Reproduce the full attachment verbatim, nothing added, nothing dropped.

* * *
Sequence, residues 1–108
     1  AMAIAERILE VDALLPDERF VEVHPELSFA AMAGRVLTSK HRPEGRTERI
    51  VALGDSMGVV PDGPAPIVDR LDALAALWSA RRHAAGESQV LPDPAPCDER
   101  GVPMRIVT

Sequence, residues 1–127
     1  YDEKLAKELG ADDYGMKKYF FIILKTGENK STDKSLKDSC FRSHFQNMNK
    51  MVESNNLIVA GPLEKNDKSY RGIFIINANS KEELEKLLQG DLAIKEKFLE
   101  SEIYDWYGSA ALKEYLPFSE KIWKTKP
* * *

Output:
Sequence, residues 1–108
     1  AMAIAERILE VDALLPDERF VEVHPELSFA AMAGRVLTSK HRPEGRTERI
    51  VALGDSMGVV PDGPAPIVDR LDALAALWSA RRHAAGESQV LPDPAPCDER
   101  GVPMRIVT

Sequence, residues 1–127
     1  YDEKLAKELG ADDYGMKKYF FIILKTGENK STDKSLKDSC FRSHFQNMNK
    51  MVESNNLIVA GPLEKNDKSY RGIFIINANS KEELEKLLQG DLAIKEKFLE
   101  SEIYDWYGSA ALKEYLPFSE KIWKTKP